The electron is like a marble

Today comes the ever more precise measurement on the shape of the electron: the electric dipole moment, the researchers ACME Collaboration have observed that the particle has a more spherical shape than that expected from supersymmetry. So, for this time he won the Standard Model.



The electron is more like a ball than an egg: the particle is in fact almost perfectly spherical. This was stated today, by particle physicists at Yale and Harvard ACME Collaboration, who reported the most precise measurement ever obtained on the “shape” of the electron. The study was published in Science Express.

The search team is looking for the same types of particles also in the experiments of the Large Hadron Collider (LHC) at CERN in Geneva, and it does so using methods surprisingly different. In particular, ACME Collaboration is looking for the presence of new particles (and therefore new physics) through the measurement of their possible effects on the shape of the electron, an elementary particle that orbits within each atom.

Some physical theories, such as Supersymmetry (SUSY), introduce the existence of new particles, which have never been observed so far and are not covered by the Standard Model, the theoretical model that describes the past 50 years all the particles and therefore the existing known universe.

In general, the Supersymmetry is a theoretical model that introduces a superpartner for each existing particle, and the two partners of the pair differ in a physical property called spin (if a particle is integer spin his partner is half-integer spin).

“We know that the Standard Model does not encompass everything,” said Yale physicist David DeMille, who along with John Doyle and Gerald Gabriele of Harvard leads the team of ACME. “As a fellow of the LHC, we are trying to observe something in the lab that is different from the predictions of the Standard Model.”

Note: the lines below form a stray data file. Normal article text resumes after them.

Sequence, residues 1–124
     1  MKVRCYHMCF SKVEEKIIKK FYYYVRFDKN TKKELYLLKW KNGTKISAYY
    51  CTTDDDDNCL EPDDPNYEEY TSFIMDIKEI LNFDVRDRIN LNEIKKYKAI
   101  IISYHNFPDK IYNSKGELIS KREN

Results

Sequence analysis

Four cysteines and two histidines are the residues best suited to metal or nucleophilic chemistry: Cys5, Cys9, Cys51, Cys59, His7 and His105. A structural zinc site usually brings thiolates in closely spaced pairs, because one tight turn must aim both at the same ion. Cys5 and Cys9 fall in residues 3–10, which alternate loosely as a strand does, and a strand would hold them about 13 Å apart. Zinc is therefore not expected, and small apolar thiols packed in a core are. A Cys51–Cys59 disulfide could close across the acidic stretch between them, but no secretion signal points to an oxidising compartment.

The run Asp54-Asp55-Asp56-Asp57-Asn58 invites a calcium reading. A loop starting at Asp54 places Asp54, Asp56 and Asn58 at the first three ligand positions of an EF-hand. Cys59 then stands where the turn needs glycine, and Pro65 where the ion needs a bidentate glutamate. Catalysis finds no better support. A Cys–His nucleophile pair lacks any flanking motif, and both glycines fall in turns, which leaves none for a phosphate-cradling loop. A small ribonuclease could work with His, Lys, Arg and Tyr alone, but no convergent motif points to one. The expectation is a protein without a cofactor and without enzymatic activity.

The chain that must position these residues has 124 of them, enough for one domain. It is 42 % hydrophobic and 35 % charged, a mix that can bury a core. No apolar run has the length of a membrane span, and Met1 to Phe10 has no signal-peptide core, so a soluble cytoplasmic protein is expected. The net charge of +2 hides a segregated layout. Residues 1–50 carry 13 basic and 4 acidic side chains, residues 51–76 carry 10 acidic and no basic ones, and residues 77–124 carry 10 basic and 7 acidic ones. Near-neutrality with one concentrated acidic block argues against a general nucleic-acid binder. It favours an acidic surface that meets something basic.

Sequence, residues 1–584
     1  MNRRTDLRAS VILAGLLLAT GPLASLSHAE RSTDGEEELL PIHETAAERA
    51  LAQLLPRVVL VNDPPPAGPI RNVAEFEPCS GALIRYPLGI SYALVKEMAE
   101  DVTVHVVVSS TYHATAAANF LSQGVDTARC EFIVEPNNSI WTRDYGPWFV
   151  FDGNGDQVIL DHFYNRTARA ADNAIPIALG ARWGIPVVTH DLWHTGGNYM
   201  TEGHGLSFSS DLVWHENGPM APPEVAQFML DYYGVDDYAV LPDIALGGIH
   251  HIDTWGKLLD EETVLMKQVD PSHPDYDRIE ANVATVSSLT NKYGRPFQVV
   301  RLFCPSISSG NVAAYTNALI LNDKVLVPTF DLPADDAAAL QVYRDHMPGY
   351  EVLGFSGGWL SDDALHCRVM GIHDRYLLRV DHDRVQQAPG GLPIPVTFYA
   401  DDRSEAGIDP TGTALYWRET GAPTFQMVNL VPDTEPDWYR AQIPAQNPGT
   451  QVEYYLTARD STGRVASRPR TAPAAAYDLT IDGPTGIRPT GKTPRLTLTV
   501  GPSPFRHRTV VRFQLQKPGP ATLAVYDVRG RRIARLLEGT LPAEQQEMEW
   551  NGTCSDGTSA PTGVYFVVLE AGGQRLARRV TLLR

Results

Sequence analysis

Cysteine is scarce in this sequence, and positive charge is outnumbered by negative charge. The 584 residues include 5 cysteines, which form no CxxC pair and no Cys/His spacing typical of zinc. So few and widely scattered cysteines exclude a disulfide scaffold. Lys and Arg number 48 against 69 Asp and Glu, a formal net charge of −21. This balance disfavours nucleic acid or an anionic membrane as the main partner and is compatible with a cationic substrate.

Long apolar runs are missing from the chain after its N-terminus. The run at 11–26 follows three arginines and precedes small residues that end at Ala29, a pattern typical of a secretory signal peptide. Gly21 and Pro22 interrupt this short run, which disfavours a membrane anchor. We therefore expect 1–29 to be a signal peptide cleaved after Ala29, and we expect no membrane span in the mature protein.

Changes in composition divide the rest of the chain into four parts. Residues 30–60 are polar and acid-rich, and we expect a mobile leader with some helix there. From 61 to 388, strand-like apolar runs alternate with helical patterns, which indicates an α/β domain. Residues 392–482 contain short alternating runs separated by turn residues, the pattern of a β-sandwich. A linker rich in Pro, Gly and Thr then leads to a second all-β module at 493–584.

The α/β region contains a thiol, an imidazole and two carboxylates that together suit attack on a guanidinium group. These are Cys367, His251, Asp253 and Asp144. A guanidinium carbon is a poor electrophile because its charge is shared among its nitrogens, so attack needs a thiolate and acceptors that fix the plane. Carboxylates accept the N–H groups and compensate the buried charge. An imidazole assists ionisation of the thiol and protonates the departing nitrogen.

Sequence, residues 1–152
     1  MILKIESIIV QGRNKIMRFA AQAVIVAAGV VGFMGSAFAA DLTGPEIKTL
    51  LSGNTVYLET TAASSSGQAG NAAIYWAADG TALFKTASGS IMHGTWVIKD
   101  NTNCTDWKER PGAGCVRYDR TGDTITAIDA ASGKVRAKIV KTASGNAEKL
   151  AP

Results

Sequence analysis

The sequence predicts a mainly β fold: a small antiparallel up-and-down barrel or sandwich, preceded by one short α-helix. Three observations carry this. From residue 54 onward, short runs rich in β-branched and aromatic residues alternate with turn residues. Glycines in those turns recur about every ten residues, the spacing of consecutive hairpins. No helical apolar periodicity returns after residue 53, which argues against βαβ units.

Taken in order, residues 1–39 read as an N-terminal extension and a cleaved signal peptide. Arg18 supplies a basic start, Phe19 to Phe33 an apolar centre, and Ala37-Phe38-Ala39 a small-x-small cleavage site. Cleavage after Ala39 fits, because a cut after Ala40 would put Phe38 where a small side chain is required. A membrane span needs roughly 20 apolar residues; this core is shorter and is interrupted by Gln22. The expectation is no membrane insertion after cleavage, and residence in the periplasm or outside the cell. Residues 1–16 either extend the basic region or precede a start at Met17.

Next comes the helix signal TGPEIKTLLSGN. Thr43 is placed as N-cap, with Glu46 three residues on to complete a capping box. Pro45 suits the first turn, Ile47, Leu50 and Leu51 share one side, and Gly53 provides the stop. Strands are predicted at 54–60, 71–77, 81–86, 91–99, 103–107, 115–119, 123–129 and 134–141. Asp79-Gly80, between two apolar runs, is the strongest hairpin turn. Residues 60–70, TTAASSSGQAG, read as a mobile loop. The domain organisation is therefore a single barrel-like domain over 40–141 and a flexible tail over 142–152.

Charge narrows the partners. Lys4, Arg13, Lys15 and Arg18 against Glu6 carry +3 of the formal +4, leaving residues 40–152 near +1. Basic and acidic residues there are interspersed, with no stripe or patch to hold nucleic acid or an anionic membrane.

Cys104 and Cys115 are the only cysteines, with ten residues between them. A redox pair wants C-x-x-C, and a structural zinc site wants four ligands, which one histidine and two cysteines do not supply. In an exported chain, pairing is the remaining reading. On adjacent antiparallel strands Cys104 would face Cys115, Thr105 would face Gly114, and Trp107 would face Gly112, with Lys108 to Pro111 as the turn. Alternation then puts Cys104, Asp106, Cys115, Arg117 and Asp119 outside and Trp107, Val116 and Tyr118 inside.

In these models, the new particles such as the electron clouds around, could change its “form”, or more correctly (since the electron is an indivisible particle without internal structure), the symmetry of its interactions with external fields, that is, with other offices. In this way, the electron would acquire an “electric dipole moment” (eEDM), a magnitude that generally quantifies the separation between two charges of opposite sign and, in this case, the asymmetry due to these interactions with other fillers. The researchers measured their electric dipole moment. How? Using electrons inside a polar molecule – with a positive charge on one side and a negative charge on the other – call monoxide thorium. The properties of this molecule amplify the deformation of the electron and reduce the chances of effects that might deceive the presence of a false deformation.

The team was able to get the most accurate measure ever achieved, improving its accuracy by a factor of more than 10: “If you imagine an electron swelled up to the size of the Earth, our experiment would have been able to see the movement from southern hemisphere to the northern hemisphere with a layer 10,000 times thinner than a human hair,”said DeMille. All in a small university lab.

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